An essential amino acid supplement can be found in health food stores, or naturally from protein rich sources such as meat, fish, dairy products, and vegetables such as legumes, peas, and grains. Another great amino acid supplement is in the form of powder, which will help athletes build muscle and gain lean muscle weight.
Who needs it and what are some symptoms of deficiency?
Those who could benefit from amino acid supplementation are vegetarians, people with allergies, stress-related fatigue, or hypoglycemia.
Trouble digesting food could be a signal of a diminishment in the production of digestive enzymes. This could lead to poor nutrition because one's body cannot digest food at full capacity. In essence, one's body needs amino acids in order to get amino acids from food.
How much should be taken? Are there any side effects?
One and one-half grams of powder three times a day should be sufficient to provide the body with an adequate supply of available amino acids to assist in digesting food and bulking up. There are no side effects with proper supplementation.
AMINO ACID REFERENCE GUIDE
- ALANINE: Enhances immune system; lowers risk of kidney stones; aids in alleviating hypoglycemia.
- ARGININE: Increases sperm count; accelerates wound healing; enhances sexual performance in men; tones muscle tissue.
- ASPARAGINE: Promotes balance in the central nervous system.
- ASPARTIC ACID, BRANCHED CHAIN AMINO ACIDS (LEUCINE, ISOLEUCINE, VALINE): Enhances immune system; increases stamina and endurance; expels harmful ammonia from the body.
- CYSTEINE: Helps prevent baldness; alleviates psoriasis; improves condition of hair, skin and nails; promotes fat burning and muscle building. (Converts into cystine as needed.)
- CYSTINE: Aids in preventing side effects from chemotherapy and radiation therapy; reduces accumulation of age spots. (Converts into cysteine as needed.)
- GLUTAMIC ACID: Helps improve brain function; aids in metabolism of sugars and fats; useful in treatment of children's behavioral disorders, epilepsy, and muscular dystrophy. (Converts into glutamine as needed.)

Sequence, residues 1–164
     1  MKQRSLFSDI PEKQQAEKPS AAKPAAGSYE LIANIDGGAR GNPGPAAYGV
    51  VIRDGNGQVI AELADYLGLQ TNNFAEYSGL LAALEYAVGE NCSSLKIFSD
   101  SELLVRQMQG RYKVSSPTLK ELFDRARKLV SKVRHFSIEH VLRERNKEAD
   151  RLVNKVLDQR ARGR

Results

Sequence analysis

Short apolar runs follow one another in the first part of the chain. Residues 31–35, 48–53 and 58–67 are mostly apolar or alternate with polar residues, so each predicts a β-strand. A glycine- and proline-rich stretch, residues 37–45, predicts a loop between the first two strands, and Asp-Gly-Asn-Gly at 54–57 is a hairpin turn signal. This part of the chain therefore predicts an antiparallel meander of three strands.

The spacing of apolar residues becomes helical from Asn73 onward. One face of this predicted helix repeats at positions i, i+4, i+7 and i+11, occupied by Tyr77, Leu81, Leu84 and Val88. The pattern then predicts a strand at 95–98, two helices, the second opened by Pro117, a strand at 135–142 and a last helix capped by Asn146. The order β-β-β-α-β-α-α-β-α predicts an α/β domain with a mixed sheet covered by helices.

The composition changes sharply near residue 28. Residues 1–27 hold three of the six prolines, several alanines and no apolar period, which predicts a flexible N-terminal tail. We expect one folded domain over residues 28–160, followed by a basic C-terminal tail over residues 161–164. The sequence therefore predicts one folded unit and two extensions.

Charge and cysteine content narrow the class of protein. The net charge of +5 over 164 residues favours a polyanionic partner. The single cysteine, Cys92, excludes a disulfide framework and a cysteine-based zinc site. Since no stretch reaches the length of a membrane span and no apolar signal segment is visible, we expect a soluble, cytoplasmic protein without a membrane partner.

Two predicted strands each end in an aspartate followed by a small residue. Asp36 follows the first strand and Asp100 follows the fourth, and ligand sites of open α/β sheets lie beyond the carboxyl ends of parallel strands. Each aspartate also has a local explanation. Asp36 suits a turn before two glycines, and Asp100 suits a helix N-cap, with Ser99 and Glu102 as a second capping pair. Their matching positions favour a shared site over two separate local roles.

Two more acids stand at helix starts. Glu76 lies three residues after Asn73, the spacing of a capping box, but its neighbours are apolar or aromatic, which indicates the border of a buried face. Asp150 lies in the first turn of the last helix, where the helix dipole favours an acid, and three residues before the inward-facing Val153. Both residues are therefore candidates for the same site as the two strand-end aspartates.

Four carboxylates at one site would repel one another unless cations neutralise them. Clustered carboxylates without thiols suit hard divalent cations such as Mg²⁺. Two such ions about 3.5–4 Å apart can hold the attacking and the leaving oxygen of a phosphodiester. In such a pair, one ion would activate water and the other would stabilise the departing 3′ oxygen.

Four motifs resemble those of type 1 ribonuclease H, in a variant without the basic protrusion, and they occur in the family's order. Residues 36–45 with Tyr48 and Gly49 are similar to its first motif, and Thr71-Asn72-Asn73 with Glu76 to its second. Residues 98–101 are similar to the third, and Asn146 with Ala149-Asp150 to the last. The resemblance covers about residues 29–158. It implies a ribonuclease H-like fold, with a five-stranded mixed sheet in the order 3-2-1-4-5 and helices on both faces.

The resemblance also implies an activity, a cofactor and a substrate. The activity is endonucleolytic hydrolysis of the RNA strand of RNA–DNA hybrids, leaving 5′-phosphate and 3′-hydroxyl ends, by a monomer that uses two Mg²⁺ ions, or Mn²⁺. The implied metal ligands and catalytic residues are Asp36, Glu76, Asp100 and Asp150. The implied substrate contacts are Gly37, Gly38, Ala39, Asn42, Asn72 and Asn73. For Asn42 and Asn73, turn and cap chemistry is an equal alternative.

- GLUTAMINE: Helps improve brain function; alleviate fatigue; aid in ulcer healing time; build and maintain muscle; elevate mood; reduce craving for sugar and alcohol. (Converts to glutamic acid in brain.)
- GLYCINE: Necessary for central nervous system function; aids in healing; helps treat stomach hyperacidity; prevent seizures. (Can be converted into serine in the body when needed.)
- HISTIDINE: Helps alleviate rheumatoid arthritis; alleviates stress; aids in improving libido.
- LYSINE: Helps improve concentration; enhances fertility; aids in preventing herpes simplex infection.
- METHIONINE: Aids in lowering cholesterol; helps in treatment of schizophrenia and Parkinson's disease; may protect against tumors.
- ORNITHINE: Works as a muscle-building hormone; increases potency of arginine.
- PHENYLALANINE: Acts as an antidepressant; helps suppress appetite; can function in some forms as a natural painkiller.
- PROLINE: Aids in wound healing; helps increase learning ability.
- SERINE: Helps alleviate pain; can act as a natural anti-psychotic.
- TAURINE: Helps strengthen heart function; may prevent macular degeneration; aids in digestion of fats and absorption of fat-soluble vitamins.
- THREONINE: Necessary for utilization of protein in diet; may provide symptomatic improvement in some patients with Lou Gehrig's disease, amytrophic lateral sclerosis (ALS).
- TRYPTOPHAN: Aids in reducing anxiety; helps induce sleep; may help in control of alcoholism.
- TYROSINE: Improves sex drive; helps alleviate stress; can act as an appetite suppressant and mood elevator.